The MOU on Succession is the key "enabling" agreement because it purports to solve the problem of who succeeds the Soviet Union as America's treaty partner, which would rectify the lack of a legally valid ABM Treaty partner. It would convert the bilateral ABM Treaty of 1972 into a new multilateral treaty with Belarus, Kazakhstan, Russia, and Ukraine. In other words, the MOU would create four new treaty partners where none now exists. In the process, it would legally resurrect the lapsed ABM Treaty and perpetuate its prohibition on defending American territory against strategic ballistic missiles.
Once the MOU is ratified, it will breathe new life into the ABM Treaty regime. The TMD demarcation and subsidiary agreements will gain validity when the MOU is properly ratified "in accordance with the constitutional procedures of those states," as stipulated in Article IX, Section 1 of the MOU.
The Agreed Statements
Article IX, Section 4 of the MOU requires that each state ratifying the MOU shall be bound by the two Agreed Statements on theater missile defense. The Administration characterizes the TMD demarcation agreements as innocuous and claims they merely clear up ambiguities in the ABM Treaty. But when they become operative, they will constitute new restrictions on TMD systems that were not formally covered under the old ABM Treaty. For example, the second Agreed Statement on higher velocity TMD would ban space-based theater defenses, which were not banned in the old ABM Treaty (as long as they could not intercept strategic ballistic missiles).
Moreover, the two TMD demarcation agreements, in company with the Confidence-Building Measures, require an extensive exchange of information about the performance capabilities, testing, and program plans of TMD systems. This is exactly the same information used in the United States' own internal compliance review process to ascertain whether missile defense programs are complying with the ABM Treaty--and which already is notorious for tying U.S. ballistic missile defense efforts in knots. By providing this kind of information to Belarus, Kazakhstan, Russia, and Ukraine, the United States would be creating in essence a multinational compliance review process for TMD systems. The practical effect would be to give the other four parties a veto over U.S. theater defense programs; the practical consequence could be to limit the most promising new TMD systems, like the U.S. Navy's Theater Wide system.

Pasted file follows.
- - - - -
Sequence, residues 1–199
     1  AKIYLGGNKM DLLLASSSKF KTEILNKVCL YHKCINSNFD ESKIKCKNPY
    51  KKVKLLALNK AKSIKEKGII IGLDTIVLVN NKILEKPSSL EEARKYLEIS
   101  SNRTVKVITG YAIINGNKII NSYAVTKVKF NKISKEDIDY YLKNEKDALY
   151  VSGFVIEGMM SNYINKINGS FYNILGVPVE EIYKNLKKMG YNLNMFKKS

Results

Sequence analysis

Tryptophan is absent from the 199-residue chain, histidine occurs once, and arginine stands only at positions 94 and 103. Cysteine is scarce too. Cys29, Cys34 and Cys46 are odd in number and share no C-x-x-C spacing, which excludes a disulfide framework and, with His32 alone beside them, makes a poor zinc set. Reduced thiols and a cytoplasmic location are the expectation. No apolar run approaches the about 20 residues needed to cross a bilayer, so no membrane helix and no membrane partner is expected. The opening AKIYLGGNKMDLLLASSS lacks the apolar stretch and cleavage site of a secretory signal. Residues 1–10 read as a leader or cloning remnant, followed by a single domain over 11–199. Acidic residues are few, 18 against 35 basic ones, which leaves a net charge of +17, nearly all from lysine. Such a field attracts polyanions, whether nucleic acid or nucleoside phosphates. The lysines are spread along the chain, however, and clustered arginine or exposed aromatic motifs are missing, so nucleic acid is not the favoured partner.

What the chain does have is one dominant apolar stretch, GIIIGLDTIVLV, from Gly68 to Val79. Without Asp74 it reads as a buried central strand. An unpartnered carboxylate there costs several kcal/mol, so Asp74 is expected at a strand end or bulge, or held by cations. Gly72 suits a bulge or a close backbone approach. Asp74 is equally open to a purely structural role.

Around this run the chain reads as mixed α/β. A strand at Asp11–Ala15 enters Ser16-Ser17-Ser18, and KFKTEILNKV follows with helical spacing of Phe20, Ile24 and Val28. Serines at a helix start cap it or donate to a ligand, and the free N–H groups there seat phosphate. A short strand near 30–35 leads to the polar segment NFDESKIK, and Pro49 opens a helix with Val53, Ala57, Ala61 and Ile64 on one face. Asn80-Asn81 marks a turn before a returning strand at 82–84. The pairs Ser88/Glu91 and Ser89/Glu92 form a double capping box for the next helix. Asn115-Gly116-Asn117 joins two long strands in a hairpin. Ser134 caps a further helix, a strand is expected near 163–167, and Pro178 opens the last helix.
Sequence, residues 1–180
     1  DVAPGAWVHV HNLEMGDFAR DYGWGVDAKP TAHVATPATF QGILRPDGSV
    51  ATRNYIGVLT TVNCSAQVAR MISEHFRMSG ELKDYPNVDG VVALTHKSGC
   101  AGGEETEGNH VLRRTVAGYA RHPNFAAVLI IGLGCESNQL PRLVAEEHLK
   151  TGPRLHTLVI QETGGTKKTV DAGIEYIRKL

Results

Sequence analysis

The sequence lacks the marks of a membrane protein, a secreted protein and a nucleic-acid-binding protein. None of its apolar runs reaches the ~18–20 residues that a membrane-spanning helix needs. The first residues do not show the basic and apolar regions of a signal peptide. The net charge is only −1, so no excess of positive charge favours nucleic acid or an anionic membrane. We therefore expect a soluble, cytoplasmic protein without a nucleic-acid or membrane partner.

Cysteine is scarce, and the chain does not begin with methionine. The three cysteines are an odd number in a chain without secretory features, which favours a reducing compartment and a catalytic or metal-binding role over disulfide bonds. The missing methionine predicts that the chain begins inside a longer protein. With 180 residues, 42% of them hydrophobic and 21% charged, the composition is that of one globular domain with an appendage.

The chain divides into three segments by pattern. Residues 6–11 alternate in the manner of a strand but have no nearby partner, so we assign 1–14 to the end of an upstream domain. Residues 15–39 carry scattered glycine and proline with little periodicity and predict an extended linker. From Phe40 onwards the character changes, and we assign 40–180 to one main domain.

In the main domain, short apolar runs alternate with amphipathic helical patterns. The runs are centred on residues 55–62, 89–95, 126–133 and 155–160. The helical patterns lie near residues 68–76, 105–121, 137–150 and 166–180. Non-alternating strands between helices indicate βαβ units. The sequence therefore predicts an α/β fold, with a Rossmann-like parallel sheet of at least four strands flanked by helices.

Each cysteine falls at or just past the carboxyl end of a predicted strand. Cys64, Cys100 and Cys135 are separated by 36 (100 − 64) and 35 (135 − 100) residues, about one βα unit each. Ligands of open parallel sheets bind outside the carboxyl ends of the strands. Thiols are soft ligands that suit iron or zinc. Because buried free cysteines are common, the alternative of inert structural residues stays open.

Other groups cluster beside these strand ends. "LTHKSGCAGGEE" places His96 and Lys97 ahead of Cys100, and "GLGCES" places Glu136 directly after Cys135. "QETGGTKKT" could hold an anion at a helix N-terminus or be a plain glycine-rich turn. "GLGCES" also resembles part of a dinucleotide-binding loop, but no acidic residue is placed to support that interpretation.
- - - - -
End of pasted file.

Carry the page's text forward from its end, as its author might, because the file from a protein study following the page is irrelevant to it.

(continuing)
The Theater Wide or "upper tier" system offers the most affordable and most effective near-term defense against a new generation of faster, longer-range theater missile threats. With a modest investment in the necessary system upgrades, it also could provide an affordable and effective near-term defense of the U.S. homeland against a limited attack by strategic ballistic missiles or intercontinental ballistic missiles (ICBMs). 1 But to adapt and deploy the Navy system to defend the "territory of its country" would require the United States to acknowledge that the 1972 ABM Treaty regime is dead. Rather than jeopardize the ABM Treaty, the Clinton Administration would jeopardize U.S. troops by allowing new limits even on TMD systems not previously covered by the Treaty--theater defenses, for example, that are vitally needed in Korea and the Persian Gulf.